Executing SSIS Packages Using DTExec
August 9, 2010
Learn how the DTExec and DTExecUI utilities give you the ability to assign values to arbitrary properties of components within a SQL Server Integration Services package, when invoking its execution.
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As we have demonstrated in our recent articles, applying programming principles to the structure of SQL Server 2008 Integration Services packages allows you to increase their flexibility and simplify their maintenance. Replacing hard coded values with variables and referencing them through configurations minimizes the amount of effort involved in deploying the same code under varying circumstances, where the location of data or factors affecting its transformations change. In particular, one way to deal with such changes, which we have already explored in detail, involves modifying XML files, registry entries, SQL server tables, environment variables, or variables in parent packages that store internal configuration settings of SSIS packages. Another one, which will be presented here, takes advantage of the capabilities of the DTExec and DTExecUI utilities, which give you an option to assign values to arbitrary properties of components within an SSIS package when invoking its execution. (Note that either of these two methods eliminates the need to edit package content with Business Intelligence Development Studio).
Before we focus on our main subject, we first need to describe the notation used to reference properties of individual SSIS package objects, known as the property path. If you have read our previous article, its syntax should be (at least partially) already familiar to you, since such paths are generated automatically when exporting properties to package configurations with Package Configuration Wizard. In case you have not read it, in that particular case our goal was to extract a subset of rows from the vEmployee view in the AdventureWorks database (which we referenced by creating srcServer and srcDatabase variables with the package scope and residing in the User namespace), based on the match on the City field (represented by the City variable, sharing the same User namespace but scoped on the Data Flow Task level). The first two of these variables were included in the ConnectionString property of the OLE DB Connection Manager, while the third one was used in Conditional Split Transformation, which redirected rows matching our criteria to a designated output. Similarly, we used the dstFilePath User variable to specify the location and name of the destination file (by incorporating it into the ConnectionString property of the Flat File Connection Manager).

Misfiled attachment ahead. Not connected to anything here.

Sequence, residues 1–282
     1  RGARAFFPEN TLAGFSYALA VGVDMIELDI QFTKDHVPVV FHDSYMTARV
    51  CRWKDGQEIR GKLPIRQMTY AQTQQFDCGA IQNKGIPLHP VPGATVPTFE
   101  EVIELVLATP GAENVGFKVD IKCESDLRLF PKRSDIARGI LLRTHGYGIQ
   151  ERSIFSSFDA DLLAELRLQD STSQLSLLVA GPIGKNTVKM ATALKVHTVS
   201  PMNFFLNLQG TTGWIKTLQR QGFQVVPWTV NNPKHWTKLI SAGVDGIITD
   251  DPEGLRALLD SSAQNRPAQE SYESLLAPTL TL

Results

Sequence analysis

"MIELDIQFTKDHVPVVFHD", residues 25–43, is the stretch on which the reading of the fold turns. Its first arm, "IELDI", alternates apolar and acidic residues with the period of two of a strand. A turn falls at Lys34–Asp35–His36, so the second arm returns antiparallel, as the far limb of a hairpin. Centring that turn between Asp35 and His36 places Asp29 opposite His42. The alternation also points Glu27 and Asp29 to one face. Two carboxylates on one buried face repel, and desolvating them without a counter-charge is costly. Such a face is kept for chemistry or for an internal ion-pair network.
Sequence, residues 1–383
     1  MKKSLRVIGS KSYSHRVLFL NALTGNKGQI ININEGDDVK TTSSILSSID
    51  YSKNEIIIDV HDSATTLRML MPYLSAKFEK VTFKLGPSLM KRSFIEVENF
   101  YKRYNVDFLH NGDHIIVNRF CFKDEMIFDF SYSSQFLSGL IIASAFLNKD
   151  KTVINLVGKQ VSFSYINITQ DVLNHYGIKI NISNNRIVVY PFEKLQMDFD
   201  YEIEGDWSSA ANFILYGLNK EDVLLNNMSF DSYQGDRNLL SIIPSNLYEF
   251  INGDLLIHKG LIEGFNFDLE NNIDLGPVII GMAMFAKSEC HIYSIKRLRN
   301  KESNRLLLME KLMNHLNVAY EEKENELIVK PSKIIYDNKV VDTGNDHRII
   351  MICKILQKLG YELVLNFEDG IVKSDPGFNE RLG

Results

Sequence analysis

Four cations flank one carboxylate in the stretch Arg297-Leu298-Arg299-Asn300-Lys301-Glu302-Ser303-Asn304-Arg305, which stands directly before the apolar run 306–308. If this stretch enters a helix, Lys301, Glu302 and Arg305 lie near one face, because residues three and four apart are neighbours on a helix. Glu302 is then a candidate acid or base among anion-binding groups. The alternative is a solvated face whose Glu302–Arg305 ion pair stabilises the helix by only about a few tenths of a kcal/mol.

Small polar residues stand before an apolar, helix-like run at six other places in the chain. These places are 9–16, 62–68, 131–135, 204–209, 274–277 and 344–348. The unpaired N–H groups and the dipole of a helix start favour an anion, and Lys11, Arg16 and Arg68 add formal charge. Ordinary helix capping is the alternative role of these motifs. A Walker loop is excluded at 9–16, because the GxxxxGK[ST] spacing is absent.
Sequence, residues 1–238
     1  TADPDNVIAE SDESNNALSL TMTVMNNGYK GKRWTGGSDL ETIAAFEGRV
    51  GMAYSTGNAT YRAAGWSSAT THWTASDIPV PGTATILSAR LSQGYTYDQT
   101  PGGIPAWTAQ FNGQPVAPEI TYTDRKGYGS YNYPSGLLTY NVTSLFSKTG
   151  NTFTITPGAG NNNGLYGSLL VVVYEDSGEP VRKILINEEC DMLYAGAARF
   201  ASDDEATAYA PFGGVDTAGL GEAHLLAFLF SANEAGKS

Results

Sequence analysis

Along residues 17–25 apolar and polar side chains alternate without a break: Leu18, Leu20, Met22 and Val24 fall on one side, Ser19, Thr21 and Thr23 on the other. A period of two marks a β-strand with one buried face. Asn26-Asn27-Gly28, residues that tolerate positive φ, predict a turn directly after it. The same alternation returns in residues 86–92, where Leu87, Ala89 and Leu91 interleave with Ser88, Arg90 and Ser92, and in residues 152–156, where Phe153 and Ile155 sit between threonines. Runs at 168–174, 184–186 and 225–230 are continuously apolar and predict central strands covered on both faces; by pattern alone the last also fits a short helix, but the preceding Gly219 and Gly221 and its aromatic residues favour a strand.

In general, in order to reference a variable via the property path notation, you would need to provide its scope, namespace, and name. Regardless of individual differences, the notation always starts with the \Package prefix. The backslash character ('\') is a container separator, period ('.') designates collections (such as Properties and Variables), while members of these collections are identified by their index, enclosed in square brackets (). The index is formed by specifying a unique characteristic of a collection member, which can be either just its name (in the case of Properties) or (when dealing with Variables, where duplicates are allowed) also the namespace, with the double colon (::) separating the two.
The best way to get familiar with this syntax is to review some examples. In regard to our sample package, its four variables (srcServer, srcDatabase, dstFilePath, and City) would be represented by the following four property paths. (Note that in each case, we are referring to their individual values, which is the reason for inclusion of the [Value] element):
\Package.Variables[User::srcServer].Properties[Value] \Package.Variables[User::srcDatabase].Properties[Value] \Package.Variables[User::dstFilePath].Properties[Value] \Package\Data Flow Task.Variables[User::City].Properties[Value]